1 Market-Thrashing Stock Prediction

Late last year, I made one market-thrashing stock prediction.

Normally, I'd be quite pleased, but I made five stock predictions.

What happened?
The article in question was "5 Stocks to Sell for 2011."

In it, I wrote the following: "I've identified five stocks that are excellent sell candidates, two of which are in my personal portfolio."

The volatile results over the past year have surprised me and hopefully will make me (and you!) a better investor. I've also updated my outlook on each of the five stocks, but I'm getting ahead of myself.

Before we look at where the stocks are now, let's see where they were halfway through the year. It was ugly!


Return as of June 30

Wynn (NAS: WYNN)


Netflix (NAS: NFLX)


Vonage (NYS: VG)


Whole Foods Market (NAS: WFM)


Tempur-Pedic (NYS: TPX)



S&P 500 (INDEX: ^GSPC)


Source: Yahoo! Finance. Returns based on starting date of Dec. 23, 2010.

Remember, I said to sell these stocks. Collectively, they were up just over 50% in a nearly flat market. I was losing to the market by 45 percentage points!

I was losing by so much that I was almost looking forward to writing this article as a tale of epic failure. But as I look at the sell picks now, a full year after I made them, the story looks different. Somewhere in the darkness, the gambler, he broke even:


Return as of Dec. 22







Whole Foods Market






S&P 500


Source: Yahoo! Finance.

This is a pretty interesting snapshot of the stomach-churning nature of the stock market. Notice that the market was basically flat from the six-month mark to the one-year mark. Yet, the individual stocks had wild rides, led by Netflix's 102-point and Vonage's 79-point swings. My list went from an utter disaster to a "meh" prediction.

Before I give my thoughts on the stocks themselves, let me share what's struck me. The obvious point is that the stock market is volatile -- and individual stocks are amazingly so. Netflix's meteoric rise and fall from grace is the stuff of screenplays. In three months, it went from over $300 a share to less than $100. Sure, it made some missteps with Qwikster and the like, but Netflix faced similar opportunities and threats the whole time.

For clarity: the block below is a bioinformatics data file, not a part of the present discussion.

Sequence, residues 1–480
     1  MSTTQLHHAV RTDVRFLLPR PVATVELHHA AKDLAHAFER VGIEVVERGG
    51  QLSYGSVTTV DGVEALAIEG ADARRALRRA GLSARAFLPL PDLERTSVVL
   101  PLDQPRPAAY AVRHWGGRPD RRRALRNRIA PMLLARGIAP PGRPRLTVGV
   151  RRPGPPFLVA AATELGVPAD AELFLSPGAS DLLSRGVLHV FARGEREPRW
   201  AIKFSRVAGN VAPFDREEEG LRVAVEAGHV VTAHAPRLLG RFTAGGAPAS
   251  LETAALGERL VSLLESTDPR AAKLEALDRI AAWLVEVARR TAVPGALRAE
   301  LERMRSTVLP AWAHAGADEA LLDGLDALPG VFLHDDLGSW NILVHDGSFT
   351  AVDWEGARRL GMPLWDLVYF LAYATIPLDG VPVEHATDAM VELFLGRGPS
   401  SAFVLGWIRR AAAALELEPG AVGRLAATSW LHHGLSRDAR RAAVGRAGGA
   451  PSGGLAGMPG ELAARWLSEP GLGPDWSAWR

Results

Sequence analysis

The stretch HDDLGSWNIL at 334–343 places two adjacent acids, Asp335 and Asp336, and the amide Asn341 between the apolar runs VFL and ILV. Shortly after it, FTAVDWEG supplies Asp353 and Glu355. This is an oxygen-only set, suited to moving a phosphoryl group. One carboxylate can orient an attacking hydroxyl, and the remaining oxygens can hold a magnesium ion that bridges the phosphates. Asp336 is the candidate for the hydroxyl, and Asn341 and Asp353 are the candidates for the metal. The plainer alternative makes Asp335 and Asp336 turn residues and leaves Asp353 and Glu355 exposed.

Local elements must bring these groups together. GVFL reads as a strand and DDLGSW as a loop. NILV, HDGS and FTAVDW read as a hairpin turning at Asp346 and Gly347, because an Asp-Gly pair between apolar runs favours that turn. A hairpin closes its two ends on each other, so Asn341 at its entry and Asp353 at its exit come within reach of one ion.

Digging deeper, we have to think very hard as investors when we sell our winners. In my article last year, I highlighted Whole Foods and Tempur-Pedic as stocks I personally own. I wrote, "At today's prices, I prefer the stocks of Whole Foods and Tempur-Pedic to those of Wynn, Netflix, and Vonage but come January I will be seriously considering selling at least part of my positions in each."

When the New Year came, I stayed true to my promise. I decided to sell part of my Whole Foods position (I had already sold part of the Tempur-Pedic position). For me, it was a compromise on the classic growth stock problem -- the choice between (1) selling a stock that looks fairly-to-richly-valued and possibly missing out on growth-fueled gains, or (2) holding onto a stock that could come crashing down when growth moderates or the business suffers setbacks.

That sell-a-portion compromise works well for my emotional make-up when dealing with a growth stock winner in my portfolio. But I still struggle with whether it's the best course of action. This strategy has hurt me so far on Whole Foods and Tempur-Pedic, but if I had been a Netflix investor, it could have saved me a ton.

It comes down to this. The better the business prospects of the company, the harder we should think about selling because of valuation. So I will continue to hold my remaining Whole Foods and Tempur-Pedic shares going into 2012.

Wynn -- which is my favorite casino company because of the management of founder Steve Wynn -- now has the cash flows and extra year of operational evidence to discourage a sell call from me. In fact, it may warrant a second look as a buy candidate. Even though Wynn has been flat over the last year, I regret making it a sell candidate for 2011 because I do admire the business, risky as it is.

Meanwhile, I'm not a big fan of the business prospects or Netflix or Vonage. Of course, Netflix is now offering bulls a cheaper valuation and bears less reason to hate. As for Vonage, I do have to give it some credit for finally becoming profitable on both an earnings and free cash flow basis over the last 12 months.

I won't be going out to buy shares of Netflix or Vonage anytime soon, but I have no strong follow-up predictions for 2012 on any of these five. I'll leave the bold prediction to our chief investment officer. He identified one company as the No. 1 stock for the next year. Find out which stock in our brand-new free report: "The Motley Fool's Top Stock for 2012." I invite you to take a copy, free for a limited time. Just click here to access the report and find out the name of this legendary company.

At the time thisarticle was published Anand Chokkavelu owns shares of Whole Foods and Tempur-Pedic. The Motley Fool owns shares of Whole Foods Market. Motley Fool newsletter services have recommended buying shares of Whole Foods Market and Netflix. Try any of our Foolish newsletter services free for 30 days. We Fools may not all hold the same opinions, but we all believe that considering a diverse range of insights makes us better investors. The Motley Fool has a disclosure policy.

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